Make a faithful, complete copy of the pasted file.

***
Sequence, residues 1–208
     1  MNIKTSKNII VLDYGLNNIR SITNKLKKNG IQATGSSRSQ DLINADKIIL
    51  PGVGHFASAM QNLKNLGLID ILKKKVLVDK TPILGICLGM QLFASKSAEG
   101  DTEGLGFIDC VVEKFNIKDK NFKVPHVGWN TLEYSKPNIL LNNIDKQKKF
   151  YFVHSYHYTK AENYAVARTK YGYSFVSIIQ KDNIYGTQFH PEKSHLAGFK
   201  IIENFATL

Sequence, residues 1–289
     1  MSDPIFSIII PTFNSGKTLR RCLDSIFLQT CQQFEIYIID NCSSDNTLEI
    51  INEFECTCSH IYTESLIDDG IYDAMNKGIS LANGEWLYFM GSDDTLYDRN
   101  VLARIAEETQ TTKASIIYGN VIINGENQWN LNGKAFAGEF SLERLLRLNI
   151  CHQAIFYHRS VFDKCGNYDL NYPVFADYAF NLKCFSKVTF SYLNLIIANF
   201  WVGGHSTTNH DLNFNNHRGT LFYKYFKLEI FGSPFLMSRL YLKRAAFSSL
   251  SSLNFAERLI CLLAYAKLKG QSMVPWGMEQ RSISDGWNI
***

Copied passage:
Sequence, residues 1–208
     1  MNIKTSKNII VLDYGLNNIR SITNKLKKNG IQATGSSRSQ DLINADKIIL
    51  PGVGHFASAM QNLKNLGLID ILKKKVLVDK TPILGICLGM QLFASKSAEG
   101  DTEGLGFIDC VVEKFNIKDK NFKVPHVGWN TLEYSKPNIL LNNIDKQKKF
   151  YFVHSYHYTK AENYAVARTK YGYSFVSIIQ KDNIYGTQFH PEKSHLAGFK
   201  IIENFATL

Sequence, residues 1–289
     1  MSDPIFSIII PTFNSGKTLR RCLDSIFLQT CQQFEIYIID NCSSDNTLEI
    51  INEFECTCSH IYTESLIDDG IYDAMNKGIS LANGEWLYFM GSDDTLYDRN
   101  VLARIAEETQ TTKASIIYGN VIINGENQWN LNGKAFAGEF SLERLLRLNI
   151  CHQAIFYHRS VFDKCGNYDL NYPVFADYAF NLKCFSKVTF SYLNLIIANF
   201  WVGGHSTTNH DLNFNNHRGT LFYKYFKLEI FGSPFLMSRL YLKRAAFSSL
   251  SSLNFAERLI CLLAYAKLKG QSMVPWGMEQ RSISDGWNI